This morning I woke up to a hazy red glow over the tops of the trees in my backyard. I didn’t think much of it until receiving a text from my dad with a link to a newspaper article. It explained that my region of the Pacific Northwest has been covered with not only smoke, but also ash, from wildfires in surrounding areas.
Which certainly explains the eerie orange glow outside, and the heavy smoke smell that burns all of our nostrils, and the stinging of our eyes.
And the fire is a hundred miles away!
Isn’t it strange that while there’s devastation from fires way up here in the Northwest, there’s just been a huge hurricane raging down in Texas? Two major catastrophes at almost the same time, on opposite sides of the country–one of fire, one of water
It set me to thinking about so-called “natural disasters.” You know, those disasters that just sort of happen and we’re all just helpless to stop it.
When I think of these disasters, these horrific disasters which are ravaging homes and lives and hearts, I have three thoughts.
My first thought is that I would never want to be “one of those people” who is so hungry for blog post content that they are willing to reduce very real sufferings to platitudes on a computer screen. That’s not my intention. But I also don’t want to miss this opportunity to make some important observations and offer some encouragement.
My second thought stemmed from the thought of how very helpless this wildfire and hurricane render us. If a fire wants to burn down your house, it’s going to burn down your house, and there’s very little you can do to stop it from doing so. Oh, you can try, for sure, but by the time it’s a huge forest fire, spanning miles and miles, across multiple states and countries, you’re probably not going to make much headway.
And think of a hurricane. You can’t stop a hurricane—you can only evacuate the area and then pick up the pieces. When a hurricane takes a town, a city, a state, by storm (quite literally), it leaves us as helpless observers and, sometimes, victims, of its fury. The utter power that is exhibited by a hurricane, the utter despair and destruction it brings… who can stop it?
As I think of the staggering power of something like a hurricane, or a wildfire, it makes me think of—are you ready for this?—God.
In Hebrews 12:28, it says, “For our God is a consuming fire.” And in the Psalms there are many references to God’s overwhelming power:
The voice of the Lord is over the waters; the God of glory thunders, the Lord thunders over the mighty waters.
The voice of the Lord is powerful; the voice of the Lord is majestic.
The voice of the Lord breaks the cedars; the Lord breaks in pieces the cedars of Lebanon.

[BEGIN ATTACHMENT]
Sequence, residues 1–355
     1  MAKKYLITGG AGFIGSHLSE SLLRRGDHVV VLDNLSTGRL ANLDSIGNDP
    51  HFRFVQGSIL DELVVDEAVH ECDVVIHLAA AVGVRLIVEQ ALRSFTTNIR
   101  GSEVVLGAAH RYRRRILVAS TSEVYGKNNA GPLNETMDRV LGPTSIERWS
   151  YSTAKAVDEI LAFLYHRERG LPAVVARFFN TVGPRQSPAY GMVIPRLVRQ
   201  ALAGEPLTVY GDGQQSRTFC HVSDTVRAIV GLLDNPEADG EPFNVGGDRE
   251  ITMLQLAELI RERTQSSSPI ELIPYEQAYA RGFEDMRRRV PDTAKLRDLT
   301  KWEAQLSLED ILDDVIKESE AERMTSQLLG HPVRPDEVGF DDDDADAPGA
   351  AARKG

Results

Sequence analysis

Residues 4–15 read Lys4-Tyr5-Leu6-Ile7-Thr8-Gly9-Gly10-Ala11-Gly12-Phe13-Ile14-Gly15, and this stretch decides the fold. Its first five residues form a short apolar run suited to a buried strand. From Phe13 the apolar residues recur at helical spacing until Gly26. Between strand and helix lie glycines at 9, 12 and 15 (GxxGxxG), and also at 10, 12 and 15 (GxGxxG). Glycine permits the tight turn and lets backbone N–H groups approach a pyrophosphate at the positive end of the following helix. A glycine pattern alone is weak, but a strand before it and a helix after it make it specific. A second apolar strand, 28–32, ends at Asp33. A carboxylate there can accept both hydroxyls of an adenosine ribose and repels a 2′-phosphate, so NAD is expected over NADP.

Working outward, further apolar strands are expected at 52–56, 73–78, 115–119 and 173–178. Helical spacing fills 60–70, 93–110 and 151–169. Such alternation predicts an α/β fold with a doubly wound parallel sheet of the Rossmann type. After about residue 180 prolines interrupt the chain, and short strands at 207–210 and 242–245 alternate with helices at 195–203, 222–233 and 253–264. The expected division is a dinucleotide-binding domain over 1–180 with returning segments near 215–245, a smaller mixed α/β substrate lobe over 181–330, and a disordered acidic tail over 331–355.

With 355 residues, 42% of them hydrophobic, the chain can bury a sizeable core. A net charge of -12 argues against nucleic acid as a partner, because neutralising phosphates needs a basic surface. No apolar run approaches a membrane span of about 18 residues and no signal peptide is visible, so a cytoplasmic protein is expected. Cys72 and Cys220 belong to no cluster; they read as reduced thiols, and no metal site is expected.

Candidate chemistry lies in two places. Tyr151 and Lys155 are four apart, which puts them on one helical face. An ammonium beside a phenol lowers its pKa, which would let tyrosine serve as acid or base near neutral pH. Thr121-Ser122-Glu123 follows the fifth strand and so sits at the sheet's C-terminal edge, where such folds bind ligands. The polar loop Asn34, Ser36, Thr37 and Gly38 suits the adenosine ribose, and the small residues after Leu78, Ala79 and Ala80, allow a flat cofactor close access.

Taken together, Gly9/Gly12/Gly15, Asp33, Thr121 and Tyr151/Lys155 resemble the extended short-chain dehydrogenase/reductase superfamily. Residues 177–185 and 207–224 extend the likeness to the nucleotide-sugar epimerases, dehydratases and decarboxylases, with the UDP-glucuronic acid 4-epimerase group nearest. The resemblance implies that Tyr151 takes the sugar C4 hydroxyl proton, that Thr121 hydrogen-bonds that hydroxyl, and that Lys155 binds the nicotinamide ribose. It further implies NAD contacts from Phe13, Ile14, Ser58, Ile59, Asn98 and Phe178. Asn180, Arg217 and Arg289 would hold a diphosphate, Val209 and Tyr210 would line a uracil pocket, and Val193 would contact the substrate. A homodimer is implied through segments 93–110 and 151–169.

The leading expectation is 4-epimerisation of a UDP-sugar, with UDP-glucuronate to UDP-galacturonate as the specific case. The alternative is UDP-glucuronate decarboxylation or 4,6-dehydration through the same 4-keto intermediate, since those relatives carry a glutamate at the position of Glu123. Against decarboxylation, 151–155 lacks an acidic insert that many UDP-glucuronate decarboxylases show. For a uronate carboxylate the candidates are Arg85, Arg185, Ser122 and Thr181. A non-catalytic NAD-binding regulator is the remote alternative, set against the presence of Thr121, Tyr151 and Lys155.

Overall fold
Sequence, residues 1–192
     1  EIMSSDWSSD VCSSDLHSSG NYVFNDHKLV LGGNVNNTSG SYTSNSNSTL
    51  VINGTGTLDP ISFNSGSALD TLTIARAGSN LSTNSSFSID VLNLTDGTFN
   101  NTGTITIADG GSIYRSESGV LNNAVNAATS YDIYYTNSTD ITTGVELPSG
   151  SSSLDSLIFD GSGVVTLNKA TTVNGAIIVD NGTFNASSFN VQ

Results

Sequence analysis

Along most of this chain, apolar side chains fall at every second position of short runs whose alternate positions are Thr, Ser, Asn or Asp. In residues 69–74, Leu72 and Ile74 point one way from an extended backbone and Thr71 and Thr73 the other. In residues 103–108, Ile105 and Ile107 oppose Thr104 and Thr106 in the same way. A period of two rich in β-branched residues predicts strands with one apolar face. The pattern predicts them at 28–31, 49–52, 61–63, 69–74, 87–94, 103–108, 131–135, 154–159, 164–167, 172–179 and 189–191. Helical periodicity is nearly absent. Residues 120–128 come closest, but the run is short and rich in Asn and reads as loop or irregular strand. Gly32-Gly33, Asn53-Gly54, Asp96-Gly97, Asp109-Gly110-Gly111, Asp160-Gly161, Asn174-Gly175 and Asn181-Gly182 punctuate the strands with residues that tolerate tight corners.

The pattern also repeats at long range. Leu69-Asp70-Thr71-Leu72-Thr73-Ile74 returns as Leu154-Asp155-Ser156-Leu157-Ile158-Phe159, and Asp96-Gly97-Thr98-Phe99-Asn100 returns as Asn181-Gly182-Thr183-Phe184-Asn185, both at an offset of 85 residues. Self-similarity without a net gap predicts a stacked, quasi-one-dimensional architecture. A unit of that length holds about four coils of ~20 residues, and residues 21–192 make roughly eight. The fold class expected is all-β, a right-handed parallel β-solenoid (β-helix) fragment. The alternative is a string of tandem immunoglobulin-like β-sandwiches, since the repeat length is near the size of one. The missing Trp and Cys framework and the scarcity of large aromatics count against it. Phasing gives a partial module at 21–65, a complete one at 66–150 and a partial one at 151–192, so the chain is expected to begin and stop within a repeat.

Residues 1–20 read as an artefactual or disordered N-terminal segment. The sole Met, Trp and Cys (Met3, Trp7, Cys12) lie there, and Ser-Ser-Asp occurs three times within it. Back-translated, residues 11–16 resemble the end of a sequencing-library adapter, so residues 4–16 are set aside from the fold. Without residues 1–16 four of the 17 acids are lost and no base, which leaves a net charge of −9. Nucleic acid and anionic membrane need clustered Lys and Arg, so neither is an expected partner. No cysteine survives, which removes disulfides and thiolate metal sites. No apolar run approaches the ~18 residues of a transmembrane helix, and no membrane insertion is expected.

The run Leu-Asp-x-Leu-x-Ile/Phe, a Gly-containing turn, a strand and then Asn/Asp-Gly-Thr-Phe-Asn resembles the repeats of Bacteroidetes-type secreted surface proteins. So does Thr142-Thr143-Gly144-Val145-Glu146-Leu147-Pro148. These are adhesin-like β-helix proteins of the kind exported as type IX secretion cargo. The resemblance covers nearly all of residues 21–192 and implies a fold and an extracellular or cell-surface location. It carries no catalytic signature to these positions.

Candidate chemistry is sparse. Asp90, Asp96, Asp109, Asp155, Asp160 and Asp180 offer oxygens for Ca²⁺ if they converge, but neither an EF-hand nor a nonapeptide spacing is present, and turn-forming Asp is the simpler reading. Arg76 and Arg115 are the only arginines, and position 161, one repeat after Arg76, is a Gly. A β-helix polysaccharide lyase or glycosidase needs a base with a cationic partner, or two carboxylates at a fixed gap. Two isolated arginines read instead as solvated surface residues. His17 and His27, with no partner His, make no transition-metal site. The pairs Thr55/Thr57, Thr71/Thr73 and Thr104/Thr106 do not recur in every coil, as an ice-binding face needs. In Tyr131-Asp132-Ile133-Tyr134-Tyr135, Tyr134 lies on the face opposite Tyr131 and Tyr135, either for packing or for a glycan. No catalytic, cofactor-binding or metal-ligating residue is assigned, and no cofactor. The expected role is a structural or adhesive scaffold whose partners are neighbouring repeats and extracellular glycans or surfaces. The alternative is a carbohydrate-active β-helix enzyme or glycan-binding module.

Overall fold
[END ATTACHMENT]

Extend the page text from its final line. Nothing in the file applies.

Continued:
He makes Lebanon leap like a calf, Sirion like a young wild ox.
The voice of the Lord strikes with flashes of lightning.
The voice of the Lord shakes the desert;the Lord shakes the Desert of Kadesh.
The voice of the Lord twists the oaks and strips the forests bare.
And in his temple all cry, “Glory!”
That first part was certainly reminiscent of a hurricane, wasn’t it? It takes a pretty severe catastrophe to even come close to God’s power.
And that’s the thought I had: God is so utterly powerful that He is unstoppable. Much like a hurricane, He does as He pleases and we are helpless before Him.
But my third thought is the best one. And it begins with a story.
Thirteen men were in a boat, fishing. One of them, the Teacher of the others, had fallen asleep. Even as a violent windstorm came up, swamping the boat with water, the Teacher remained asleep. The other men cried out in fear until their Teacher woke up.
“Then Jesus got up and rebuked the wind and the sea. ‘Silence!’ He commanded. ‘Be still!’ And the wind died down, and it was perfectly calm.
“‘Why are you so afraid?’ He asked. ‘Do you still have no faith?’
“Overwhelmed with fear, they asked one another, ‘Who is this, that even the wind and the sea obey Him?'” (Mark 4:39-41)
We all know that story, and we all forget that story, over and over. Yes, we know that God has power greater than any natural disaster we can think up. But do we remember that He has control over the natural disasters that we are in the midst of?
In the following passage, we see that not only does God have the power to stop the storms, but it is He, in fact, who raises them up:
For He spoke and raised up a stormy wind, which lifted up the waves of the sea. They rose up to the heavens, they went down to the depths; their soul melted away in their misery. They reeled and staggered like a drunken man, and were at their wits’ end. Then they cried to the LORD in their trouble, and He brought them out of their distresses. He caused the storm to be still, so that the waves of the sea were hushed (Psalm 107:25-29).
And, if we continue reading in Psalm 29, we find an amazingly powerful and comforting passage:
The Lord sits enthroned over the flood; the Lord is enthroned as King forever (Psalm 29:10).
The flood. That greatest “natural disaster” in the history of the world. The most catastrophic event to ever take place. And Who was sovereign over that? Who sent it, controlled it, and took it away?
The same Lord who is enthroned as King right now.
Essentially, this God who sets the boundaries of the ocean is totally sovereign in every other area.
In conclusion, please remember that even in the midst of these devastating events, our God is oh so powerful and oh so sovereign.
And… might I add… He loves you.